The recent suspension of Farahnaz Ispahani and Rehman Malik from the National Assembly and Senate respectively are sensational stories but have not established a trend in terms of protecting sovereignty through guarding vital information. It must be remembered that the Supreme Court had expressed its concern regarding the possibility of Farahnaz Ispahani being given the task of spying for the US. Surely, it is important to guard secrets but this is the opening of a Pandora’s box. The issue requires serious policymaking and not just a court decision.
Although most people will deny having dual nationality, the fact is that several members from every political party have a dual nationality. Reportedly, the PML-N has about 35 such members in the National Assembly and the Senate; the MQM has nine and the PML-Q approximately 14. These people might not have disclosed dual nationality as the law permits them to retain dual citizenship. In the 2002 elections, the Musharraf government, in particular, had encouraged many Pakistani expatriates to come and join active politics and become members of the assemblies. So, the issue of cheating the law does not necessarily arise here.
But the more important question is that is parliament the only source for leaking of information? Or will this rule just be applied to elected representatives who may have less information than many others in the state apparatus? It was almost a year ago that the honourable CJ had administered oath to a Canadian national (dual nationality of course) as the auditor-general of Pakistan. This was done after a lot of noises in the media regarding his several passports and his open admission of having dual nationality. In fact, he came on television and said that the law permitted him to have dual nationality. It is worth reminding that the auditor-general of Pakistan has access to far greater confidential information due to his being the keeper of the expenditure of all government money.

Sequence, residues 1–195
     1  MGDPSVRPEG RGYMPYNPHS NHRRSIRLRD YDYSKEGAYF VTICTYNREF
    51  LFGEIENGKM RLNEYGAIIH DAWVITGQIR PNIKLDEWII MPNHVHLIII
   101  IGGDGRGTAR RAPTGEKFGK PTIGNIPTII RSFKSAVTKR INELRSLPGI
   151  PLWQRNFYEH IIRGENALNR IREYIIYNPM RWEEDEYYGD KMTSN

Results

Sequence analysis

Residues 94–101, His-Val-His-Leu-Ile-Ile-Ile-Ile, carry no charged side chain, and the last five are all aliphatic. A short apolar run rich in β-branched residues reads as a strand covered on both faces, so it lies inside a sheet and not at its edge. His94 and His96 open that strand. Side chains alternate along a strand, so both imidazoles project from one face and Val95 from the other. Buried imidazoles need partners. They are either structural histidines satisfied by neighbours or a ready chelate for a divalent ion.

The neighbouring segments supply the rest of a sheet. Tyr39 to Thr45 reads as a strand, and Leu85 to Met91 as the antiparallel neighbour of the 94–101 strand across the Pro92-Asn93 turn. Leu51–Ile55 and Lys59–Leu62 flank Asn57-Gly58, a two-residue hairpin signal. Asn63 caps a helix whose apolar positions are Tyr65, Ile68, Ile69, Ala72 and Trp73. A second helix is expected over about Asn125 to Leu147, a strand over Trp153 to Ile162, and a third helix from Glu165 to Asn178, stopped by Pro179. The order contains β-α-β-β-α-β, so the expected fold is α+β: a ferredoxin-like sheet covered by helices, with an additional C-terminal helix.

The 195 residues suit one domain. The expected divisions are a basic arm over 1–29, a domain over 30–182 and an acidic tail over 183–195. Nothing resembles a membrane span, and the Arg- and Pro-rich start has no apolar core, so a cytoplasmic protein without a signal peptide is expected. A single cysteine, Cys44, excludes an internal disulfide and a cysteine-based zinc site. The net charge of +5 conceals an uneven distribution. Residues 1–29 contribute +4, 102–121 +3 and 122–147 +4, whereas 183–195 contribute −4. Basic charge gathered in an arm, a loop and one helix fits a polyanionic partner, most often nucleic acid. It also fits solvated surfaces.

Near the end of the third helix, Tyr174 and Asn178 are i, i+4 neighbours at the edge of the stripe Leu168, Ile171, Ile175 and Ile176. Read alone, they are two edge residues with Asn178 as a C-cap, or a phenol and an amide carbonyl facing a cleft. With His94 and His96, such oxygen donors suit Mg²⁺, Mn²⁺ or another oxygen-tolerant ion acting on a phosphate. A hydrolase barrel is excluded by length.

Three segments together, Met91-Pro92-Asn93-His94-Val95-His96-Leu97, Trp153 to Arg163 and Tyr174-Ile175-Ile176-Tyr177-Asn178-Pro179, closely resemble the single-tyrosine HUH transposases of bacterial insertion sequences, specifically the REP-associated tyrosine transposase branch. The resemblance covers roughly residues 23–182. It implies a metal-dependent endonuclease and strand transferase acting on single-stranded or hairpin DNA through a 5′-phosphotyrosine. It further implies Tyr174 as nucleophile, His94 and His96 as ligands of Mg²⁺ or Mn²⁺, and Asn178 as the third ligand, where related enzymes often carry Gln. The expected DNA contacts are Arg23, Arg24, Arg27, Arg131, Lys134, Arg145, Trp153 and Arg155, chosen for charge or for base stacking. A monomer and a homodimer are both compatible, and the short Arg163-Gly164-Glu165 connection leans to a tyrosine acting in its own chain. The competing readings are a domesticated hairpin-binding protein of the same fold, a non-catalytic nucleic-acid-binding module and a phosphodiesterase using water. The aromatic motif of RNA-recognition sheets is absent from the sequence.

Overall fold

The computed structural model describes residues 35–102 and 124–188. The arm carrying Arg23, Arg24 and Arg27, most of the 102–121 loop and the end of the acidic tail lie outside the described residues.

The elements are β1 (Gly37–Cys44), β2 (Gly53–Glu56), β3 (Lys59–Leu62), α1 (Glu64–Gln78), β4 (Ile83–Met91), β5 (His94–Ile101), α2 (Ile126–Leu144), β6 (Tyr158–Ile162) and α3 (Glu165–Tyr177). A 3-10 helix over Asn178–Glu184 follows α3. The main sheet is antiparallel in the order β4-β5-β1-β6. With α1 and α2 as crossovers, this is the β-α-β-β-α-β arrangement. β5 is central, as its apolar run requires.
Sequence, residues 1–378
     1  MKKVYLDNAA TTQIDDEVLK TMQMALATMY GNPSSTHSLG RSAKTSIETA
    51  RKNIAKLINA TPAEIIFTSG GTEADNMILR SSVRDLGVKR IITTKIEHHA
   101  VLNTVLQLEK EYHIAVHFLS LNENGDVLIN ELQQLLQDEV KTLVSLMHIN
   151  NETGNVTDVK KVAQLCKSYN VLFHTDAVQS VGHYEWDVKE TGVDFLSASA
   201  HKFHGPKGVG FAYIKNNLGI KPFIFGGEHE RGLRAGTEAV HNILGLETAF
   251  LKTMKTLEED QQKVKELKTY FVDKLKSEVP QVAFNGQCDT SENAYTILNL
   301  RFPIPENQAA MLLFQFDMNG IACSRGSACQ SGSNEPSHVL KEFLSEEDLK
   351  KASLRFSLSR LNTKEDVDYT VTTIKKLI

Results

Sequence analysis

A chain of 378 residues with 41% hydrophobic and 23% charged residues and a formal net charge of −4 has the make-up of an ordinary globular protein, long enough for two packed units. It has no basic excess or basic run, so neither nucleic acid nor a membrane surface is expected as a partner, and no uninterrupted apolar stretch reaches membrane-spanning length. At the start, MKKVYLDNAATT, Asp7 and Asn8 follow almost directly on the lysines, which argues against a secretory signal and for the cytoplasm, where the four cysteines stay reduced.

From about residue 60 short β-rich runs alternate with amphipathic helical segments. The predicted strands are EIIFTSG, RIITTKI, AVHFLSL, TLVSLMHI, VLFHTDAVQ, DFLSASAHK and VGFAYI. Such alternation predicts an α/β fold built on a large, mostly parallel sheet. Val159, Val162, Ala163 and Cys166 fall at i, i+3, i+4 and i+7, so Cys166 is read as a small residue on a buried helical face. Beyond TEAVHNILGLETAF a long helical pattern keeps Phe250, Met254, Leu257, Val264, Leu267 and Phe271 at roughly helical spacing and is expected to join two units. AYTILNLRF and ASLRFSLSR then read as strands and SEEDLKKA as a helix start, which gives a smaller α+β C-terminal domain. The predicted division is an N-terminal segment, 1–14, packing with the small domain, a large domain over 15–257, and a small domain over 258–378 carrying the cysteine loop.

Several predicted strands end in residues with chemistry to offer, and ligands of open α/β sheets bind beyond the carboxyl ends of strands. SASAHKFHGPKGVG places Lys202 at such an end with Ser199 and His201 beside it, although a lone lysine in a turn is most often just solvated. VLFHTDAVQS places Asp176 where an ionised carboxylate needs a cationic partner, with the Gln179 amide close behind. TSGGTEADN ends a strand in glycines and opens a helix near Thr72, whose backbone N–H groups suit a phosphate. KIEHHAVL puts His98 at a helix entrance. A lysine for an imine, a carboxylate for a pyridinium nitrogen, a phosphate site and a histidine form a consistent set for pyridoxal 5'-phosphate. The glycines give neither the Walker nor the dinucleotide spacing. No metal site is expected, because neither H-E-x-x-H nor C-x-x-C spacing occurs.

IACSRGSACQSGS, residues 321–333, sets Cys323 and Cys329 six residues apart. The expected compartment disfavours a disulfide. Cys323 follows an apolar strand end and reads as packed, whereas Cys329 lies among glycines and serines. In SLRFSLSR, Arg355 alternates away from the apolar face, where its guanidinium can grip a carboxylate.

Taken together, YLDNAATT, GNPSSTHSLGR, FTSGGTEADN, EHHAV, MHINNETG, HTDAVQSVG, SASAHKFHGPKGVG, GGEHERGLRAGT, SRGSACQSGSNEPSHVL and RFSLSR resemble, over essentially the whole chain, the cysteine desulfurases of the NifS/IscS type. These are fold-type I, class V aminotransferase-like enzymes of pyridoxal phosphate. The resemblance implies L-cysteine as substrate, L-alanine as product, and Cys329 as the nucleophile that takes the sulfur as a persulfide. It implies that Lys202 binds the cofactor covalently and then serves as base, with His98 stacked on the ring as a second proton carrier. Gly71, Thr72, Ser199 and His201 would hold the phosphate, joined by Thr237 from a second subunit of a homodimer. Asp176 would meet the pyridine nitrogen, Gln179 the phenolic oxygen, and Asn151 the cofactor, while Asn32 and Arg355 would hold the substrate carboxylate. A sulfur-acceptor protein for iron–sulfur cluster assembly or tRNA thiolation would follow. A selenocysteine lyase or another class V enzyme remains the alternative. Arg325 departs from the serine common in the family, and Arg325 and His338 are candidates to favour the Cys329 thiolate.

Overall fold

May one also remind the honourable court that it was and still is quite fashionable for affluent Pakistanis, which includes senior military, civil bureaucracy and judiciary, to seek dual nationality to secure the future of their children. So there are hundreds and thousands of cases in which state functionaries and even members of the judiciary or their families have dual allegiance. Around a couple of decades ago, even spouses with foreign nationalities was not a welcome affair and officers in certain key ministries such as the Foreign Office and the military would have to seek permission before marrying foreigners. Surely, there is much danger in loose pillow talk. However, this changed, especially as countries like Canada and Australia opened up to migration by foreigners and Pakistan’s internal insecurity problems increased.
The vital issue at this stage is how to bell the dual nationality cat? Where does one begin to redraw the principle of allegiance to the state, particularly in a state that has the tradition of generous norms on the issue? It’s not just a matter of what other countries such as India, the US and others do, but what was practiced for so long in this country. Pakistan is in the habit of importing expatriate Pakistanis to perform sensitive jobs such as running the economy and even the country sometimes. Twice, we have imported prime ministers from the US and there is a long line of finance ministers and other people obtained for senior positions courtesy the IMF and the World Bank. Very senior finance people such as Dr Ishrat Husain or the (late) Dr Mehbubul Haq (and spouse), for instance, have a permanent residence in Washington DC to which they return (or used to return) regularly. Surely, there is a lot that travels back and forth without causing any great risk to the state, or unless there is something we don’t know about these people.
Thus, the ruling may not be as easy as it sounds because it now requires a serious rethink on where and how to draw a line as far as allegiance to the state is concerned. Such rethink does not fall in the purview of the court but the parliament and the political community at large.
Published In The Express Tribune, June 8th, 2012.
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